Peter Leithart’s column at First Things tries to put the concept of social justice in a biblical framework. Leithart’s a great person to do this because he’s immersed himself in the study of the Bible and is in touch with the broad Christian theological tradition. With “social justice,” and related phrases, on so many evangelical lips and fingertips these days, what does it mean? The Old Testament prophets are probably the most obvious source for Christian thought about social justice; indeed, politically liberal Christian voices (and others) often style challenges to real or perceived social injustice as “prophetic.” Leithart’s main concern seems to be showing that the social justice is rooted in the Mosaic Law.
His two key sub-points are that caring for the poor is not a charitable obligation in the Law, but rather a matter of “righteousness or justice” and that the festivals where often occasions for sharing with those who did not have resources.
Here are some key paragraphs:
That connection with the institutions and practices of Torah is fundamental to grasping what the Bible tells us about justice and poverty—fundamental, and neglected. Unless prophetic rhetoric is anchored in Torah, it floats free, gets transformed by modern statist idolatry, and comes out ready to be co-opted in support of the latest federal entitlement. When the Torah-prophet nexus is neglected or minimized, ‘justice for the poor’ tends to be reinterpreted as ‘the state will save us.’ Thus, in a quasi-creedal statement, Jim Wallis made support of Obamacare a litmus test of justice for the sick.
Israel’s prophets say nothing new but reiterate the demands of Torah. When Isaiah condemns Israelite landowners for “devouring the vineyard” and taking the “plunder of the poor” (Isaiah 3:14), for instance, he is alluding to gleaning (Leviticus 19:9-10; Deuteronomy 24:19-22). Landowners are forbidden to harvest the corners of their fields, pick up dropped stalks of grain, beat olives from trees a second time, or strip the vines of all grapes. The remnant of grain, olives, and grapes is for the poor, who are permitted to harvest the corners and follow the harvesters. What Baker calls “scrumping” allows anyone to eat his fill of grain or grapes (Deuteronomy 23:24-25). Hebrew farmers are not allowed to maximize efficiency or to squeeze out the last bit of the harvest. Torah has built-in yield inefficiencies, as a gift to the poor.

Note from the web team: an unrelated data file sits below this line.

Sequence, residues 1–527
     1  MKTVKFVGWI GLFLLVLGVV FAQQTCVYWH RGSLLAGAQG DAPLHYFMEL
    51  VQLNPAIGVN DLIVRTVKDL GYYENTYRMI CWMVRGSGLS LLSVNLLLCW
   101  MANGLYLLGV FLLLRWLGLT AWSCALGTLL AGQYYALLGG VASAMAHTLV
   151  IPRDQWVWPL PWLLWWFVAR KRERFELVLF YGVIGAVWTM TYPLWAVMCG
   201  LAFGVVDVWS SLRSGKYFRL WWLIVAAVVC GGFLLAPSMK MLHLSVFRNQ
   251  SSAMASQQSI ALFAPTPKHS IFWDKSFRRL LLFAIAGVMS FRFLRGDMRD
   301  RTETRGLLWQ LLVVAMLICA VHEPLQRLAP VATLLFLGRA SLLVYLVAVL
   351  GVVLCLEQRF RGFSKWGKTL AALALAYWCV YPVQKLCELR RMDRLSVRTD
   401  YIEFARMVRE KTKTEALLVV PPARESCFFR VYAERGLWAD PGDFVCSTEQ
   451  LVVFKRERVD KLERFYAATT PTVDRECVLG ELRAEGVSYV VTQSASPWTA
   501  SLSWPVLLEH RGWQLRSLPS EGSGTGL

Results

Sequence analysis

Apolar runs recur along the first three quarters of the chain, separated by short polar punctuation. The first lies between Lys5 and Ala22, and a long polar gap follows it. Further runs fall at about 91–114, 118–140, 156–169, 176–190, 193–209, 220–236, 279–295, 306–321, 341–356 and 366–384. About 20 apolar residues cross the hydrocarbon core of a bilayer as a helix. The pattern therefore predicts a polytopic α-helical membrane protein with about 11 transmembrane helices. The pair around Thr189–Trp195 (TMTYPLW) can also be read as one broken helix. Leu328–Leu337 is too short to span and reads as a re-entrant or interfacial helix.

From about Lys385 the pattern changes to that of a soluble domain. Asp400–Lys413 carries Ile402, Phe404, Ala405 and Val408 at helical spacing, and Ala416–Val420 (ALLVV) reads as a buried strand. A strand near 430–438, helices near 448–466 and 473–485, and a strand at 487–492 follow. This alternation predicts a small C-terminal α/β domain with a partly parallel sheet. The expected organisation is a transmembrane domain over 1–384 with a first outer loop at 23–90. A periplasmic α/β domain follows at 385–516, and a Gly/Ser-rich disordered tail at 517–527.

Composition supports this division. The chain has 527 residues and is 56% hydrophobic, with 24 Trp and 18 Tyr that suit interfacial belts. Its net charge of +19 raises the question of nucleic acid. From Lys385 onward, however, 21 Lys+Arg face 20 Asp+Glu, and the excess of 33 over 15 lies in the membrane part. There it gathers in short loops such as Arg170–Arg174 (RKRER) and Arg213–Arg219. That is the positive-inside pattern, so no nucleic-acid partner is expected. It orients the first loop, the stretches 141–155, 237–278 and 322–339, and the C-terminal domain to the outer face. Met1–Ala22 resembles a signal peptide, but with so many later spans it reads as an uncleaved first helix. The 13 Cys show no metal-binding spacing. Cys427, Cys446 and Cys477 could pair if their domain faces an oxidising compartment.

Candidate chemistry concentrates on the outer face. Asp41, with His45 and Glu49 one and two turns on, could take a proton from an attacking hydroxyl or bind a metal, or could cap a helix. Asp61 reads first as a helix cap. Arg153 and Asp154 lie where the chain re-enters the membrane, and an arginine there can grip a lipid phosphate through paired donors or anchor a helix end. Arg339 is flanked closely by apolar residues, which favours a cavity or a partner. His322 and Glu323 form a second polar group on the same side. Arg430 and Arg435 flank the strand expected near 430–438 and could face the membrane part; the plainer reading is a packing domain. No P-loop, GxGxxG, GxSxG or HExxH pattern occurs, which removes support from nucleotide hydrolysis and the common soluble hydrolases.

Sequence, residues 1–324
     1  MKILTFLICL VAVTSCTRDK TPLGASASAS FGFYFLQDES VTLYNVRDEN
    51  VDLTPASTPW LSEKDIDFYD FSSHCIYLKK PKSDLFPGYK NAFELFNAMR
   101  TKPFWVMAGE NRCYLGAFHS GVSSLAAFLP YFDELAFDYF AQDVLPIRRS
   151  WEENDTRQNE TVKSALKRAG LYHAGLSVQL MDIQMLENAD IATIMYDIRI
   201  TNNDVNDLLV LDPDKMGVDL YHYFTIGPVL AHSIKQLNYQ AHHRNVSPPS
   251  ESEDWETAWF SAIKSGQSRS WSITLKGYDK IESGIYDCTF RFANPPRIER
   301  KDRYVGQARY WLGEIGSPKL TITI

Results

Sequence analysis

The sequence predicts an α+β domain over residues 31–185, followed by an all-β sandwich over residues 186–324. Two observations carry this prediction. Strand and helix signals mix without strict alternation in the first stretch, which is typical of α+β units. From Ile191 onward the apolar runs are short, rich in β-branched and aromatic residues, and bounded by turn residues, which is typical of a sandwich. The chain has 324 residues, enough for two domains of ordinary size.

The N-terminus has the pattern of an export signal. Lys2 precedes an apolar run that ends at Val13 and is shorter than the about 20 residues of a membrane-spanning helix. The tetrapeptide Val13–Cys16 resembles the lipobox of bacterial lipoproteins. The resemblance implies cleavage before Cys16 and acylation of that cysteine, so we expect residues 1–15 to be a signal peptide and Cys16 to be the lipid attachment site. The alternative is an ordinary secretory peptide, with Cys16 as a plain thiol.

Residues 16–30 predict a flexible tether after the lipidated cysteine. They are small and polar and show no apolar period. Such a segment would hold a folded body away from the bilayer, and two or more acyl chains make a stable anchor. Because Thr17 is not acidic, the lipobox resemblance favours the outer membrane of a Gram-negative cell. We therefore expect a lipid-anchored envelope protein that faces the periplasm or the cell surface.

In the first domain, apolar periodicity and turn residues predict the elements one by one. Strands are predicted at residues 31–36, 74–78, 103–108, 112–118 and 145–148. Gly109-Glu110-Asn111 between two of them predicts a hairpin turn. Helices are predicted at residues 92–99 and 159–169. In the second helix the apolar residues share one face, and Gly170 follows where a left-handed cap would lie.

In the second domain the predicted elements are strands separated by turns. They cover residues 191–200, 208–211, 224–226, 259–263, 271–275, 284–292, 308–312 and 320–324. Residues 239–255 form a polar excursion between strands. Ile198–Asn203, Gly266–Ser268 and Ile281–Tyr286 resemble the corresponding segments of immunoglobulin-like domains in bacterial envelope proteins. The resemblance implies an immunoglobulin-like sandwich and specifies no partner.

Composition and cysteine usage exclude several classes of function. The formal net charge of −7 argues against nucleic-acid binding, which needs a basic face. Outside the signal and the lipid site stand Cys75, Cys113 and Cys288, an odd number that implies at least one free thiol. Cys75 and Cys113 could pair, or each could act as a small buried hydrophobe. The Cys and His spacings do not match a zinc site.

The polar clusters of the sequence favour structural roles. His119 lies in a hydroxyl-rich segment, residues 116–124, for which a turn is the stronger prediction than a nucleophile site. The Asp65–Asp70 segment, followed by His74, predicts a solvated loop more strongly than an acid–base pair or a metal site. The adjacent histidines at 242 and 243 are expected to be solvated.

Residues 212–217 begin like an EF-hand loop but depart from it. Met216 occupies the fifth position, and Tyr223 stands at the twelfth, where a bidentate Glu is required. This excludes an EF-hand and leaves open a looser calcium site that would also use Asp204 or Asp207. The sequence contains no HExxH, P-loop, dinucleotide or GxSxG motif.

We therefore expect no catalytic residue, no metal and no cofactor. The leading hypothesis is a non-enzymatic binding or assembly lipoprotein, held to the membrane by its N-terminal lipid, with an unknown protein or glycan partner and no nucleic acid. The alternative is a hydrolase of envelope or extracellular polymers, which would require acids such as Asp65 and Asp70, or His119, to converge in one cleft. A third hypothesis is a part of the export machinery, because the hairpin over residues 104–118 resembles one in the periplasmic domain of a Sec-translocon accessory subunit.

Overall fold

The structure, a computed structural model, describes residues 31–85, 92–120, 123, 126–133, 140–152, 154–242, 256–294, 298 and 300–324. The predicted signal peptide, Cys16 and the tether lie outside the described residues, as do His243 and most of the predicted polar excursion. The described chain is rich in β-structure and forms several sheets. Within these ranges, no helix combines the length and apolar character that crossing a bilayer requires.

At the same time, the right to glean and scrump does not dissolve the claims of owners. Gleaners are not permitted to enter a field before harvest begins; they take the leftovers. Nor are they simply given a handout. Gleaning is as back-breaking as harvesting, maybe more so. Scrumping allows the landless and hungry to share in the abundance of a harvest, but the landowners’ profit is protected, since scrumping is strictly limited. When the prophets attack greedy landowners for stripping the vineyard, they have in mind specific practices: The right of widowed Ruth to glean Boaz’s field, the right of a hungry man to scrump from a vineyard.
Obviously, Torah is designed for an agrarian society and the prophets’ tirades are directed at agrarian abuses. Still, it would be healthy for evangelicals to devote a good portion of their considerable zeal and energy to exploring creative ways to enact the justice of Torah in the twenty-first century. Welcome and biblical as it is, evangelical rhetoric of ‘justice for the poor’ will collapse into vacuity unless it is linked to political, legal, and economic institutions and practices that actually protect the poor and do justice to everyone. Worse still, evangelicals may end up giving aid and comfort to a bloated, and broke, welfare state.